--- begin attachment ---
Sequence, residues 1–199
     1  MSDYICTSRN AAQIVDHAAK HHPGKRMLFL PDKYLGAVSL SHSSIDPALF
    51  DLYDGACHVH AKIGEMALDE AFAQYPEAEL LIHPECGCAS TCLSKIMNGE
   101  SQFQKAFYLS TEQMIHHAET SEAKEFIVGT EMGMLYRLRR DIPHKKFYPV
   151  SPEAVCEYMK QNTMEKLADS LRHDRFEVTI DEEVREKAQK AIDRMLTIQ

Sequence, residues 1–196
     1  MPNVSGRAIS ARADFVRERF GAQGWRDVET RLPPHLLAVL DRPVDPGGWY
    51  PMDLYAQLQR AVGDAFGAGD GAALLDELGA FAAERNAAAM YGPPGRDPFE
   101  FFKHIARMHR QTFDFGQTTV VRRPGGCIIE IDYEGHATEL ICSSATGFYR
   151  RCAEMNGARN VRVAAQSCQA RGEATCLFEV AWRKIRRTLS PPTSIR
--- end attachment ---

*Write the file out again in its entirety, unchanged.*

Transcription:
Sequence, residues 1–199
     1  MSDYICTSRN AAQIVDHAAK HHPGKRMLFL PDKYLGAVSL SHSSIDPALF
    51  DLYDGACHVH AKIGEMALDE AFAQYPEAEL LIHPECGCAS TCLSKIMNGE
   101  SQFQKAFYLS TEQMIHHAET SEAKEFIVGT EMGMLYRLRR DIPHKKFYPV
   151  SPEAVCEYMK QNTMEKLADS LRHDRFEVTI DEEVREKAQK AIDRMLTIQ

Sequence, residues 1–196
     1  MPNVSGRAIS ARADFVRERF GAQGWRDVET RLPPHLLAVL DRPVDPGGWY
    51  PMDLYAQLQR AVGDAFGAGD GAALLDELGA FAAERNAAAM YGPPGRDPFE
   101  FFKHIARMHR QTFDFGQTTV VRRPGGCIIE IDYEGHATEL ICSSATGFYR
   151  RCAEMNGARN VRVAAQSCQA RGEATCLFEV AWRKIRRTLS PPTSIR